Anyone who has studied the facts and where it has been done before will oppose this mining and the containment it requires. These torrential rains we are seeing now should be a red flag. The containment structures inevitably overflow when deluge rains, just as last February’s IRRRB managed containment failure destroyed the spawning grounds in streams and lakes adjoining it.

    Duke Energy’s coal ash with all its heavy metals have escaped their overflowing containments contaminating North and South Carolina’s waters for millenia yet to come.

    Nobody should be allowed to trade the health of this huge watershed, for profits. The mining company cannot guaranty their activities won’t permanently poison Minnesota waters all the way to Lake of the Woods.

    The world has plenty of dry-land sites that do not support the flora and fauna of these lands and waters.

  2. Submitted by Terry Beyl on 10/01/2018 - 11:24 am.

    This is well written and expresses my view as well.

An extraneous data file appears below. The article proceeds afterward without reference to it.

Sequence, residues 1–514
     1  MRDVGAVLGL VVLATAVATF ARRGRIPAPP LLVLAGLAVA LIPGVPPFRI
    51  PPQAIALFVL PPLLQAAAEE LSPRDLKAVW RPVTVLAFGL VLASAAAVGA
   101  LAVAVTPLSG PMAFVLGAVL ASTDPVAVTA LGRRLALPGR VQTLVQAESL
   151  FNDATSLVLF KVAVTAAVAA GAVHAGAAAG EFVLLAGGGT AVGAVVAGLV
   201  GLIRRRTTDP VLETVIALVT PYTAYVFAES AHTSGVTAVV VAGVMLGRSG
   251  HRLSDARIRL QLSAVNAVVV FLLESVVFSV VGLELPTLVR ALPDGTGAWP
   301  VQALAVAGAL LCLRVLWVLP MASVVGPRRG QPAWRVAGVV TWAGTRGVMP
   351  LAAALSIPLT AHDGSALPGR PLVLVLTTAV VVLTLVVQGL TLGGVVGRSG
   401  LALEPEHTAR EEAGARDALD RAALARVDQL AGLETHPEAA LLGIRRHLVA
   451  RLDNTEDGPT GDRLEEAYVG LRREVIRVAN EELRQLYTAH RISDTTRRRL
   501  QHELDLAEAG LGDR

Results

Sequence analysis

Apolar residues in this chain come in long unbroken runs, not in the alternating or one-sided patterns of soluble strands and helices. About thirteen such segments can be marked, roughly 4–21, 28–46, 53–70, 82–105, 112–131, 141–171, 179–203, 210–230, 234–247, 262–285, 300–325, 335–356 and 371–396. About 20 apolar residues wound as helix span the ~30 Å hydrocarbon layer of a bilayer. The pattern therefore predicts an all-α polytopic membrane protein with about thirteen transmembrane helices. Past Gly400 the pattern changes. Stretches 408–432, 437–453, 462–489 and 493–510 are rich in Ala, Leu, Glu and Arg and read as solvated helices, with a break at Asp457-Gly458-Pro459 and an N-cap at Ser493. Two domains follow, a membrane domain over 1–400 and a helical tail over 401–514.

Urban Minnesotans want the benefits of mining, but want to stop mining – no matter what it does to the economy of greater Minnesota. They want the benefits of farming, but don’t support policies that support small family farms. They want the benefits of small business in small towns, but don’t want policies to support them. As long as the metro has the high paying jobs, jobs with benefits, freeways and light rail, and their trash is picked up and dumped out of sight, all is right with the world.

    Oh, and I have discovered that urban Minnesotans are ardent environmentalists when it comes to rural Minnesota and the rest of the world. However, they are more than happy to put up with environmental harmful urban problems as: freeways, large stadiums, polluted lakes and rivers, mass transit to white suburbs – rather than to poor neighborhoods, etc.

    I wonder if those in the metro would be willing to give up their jobs and economic wellbeing if it meant helping heal the environment?

    • Submitted by richard owens on 10/01/2018 - 12:21 pm.

      The choice is false one. The differences between where people live has NOTHING to do with it.

      This is a science question and a science answer.

      Politicizing it will not change anything except the method of finding the right answer. Maximization of net profits in the short run is the only method short-term thinking provides.

      Risk management is what proponents must demonstrate, with solutions that can be proven to protect the watershed and its future.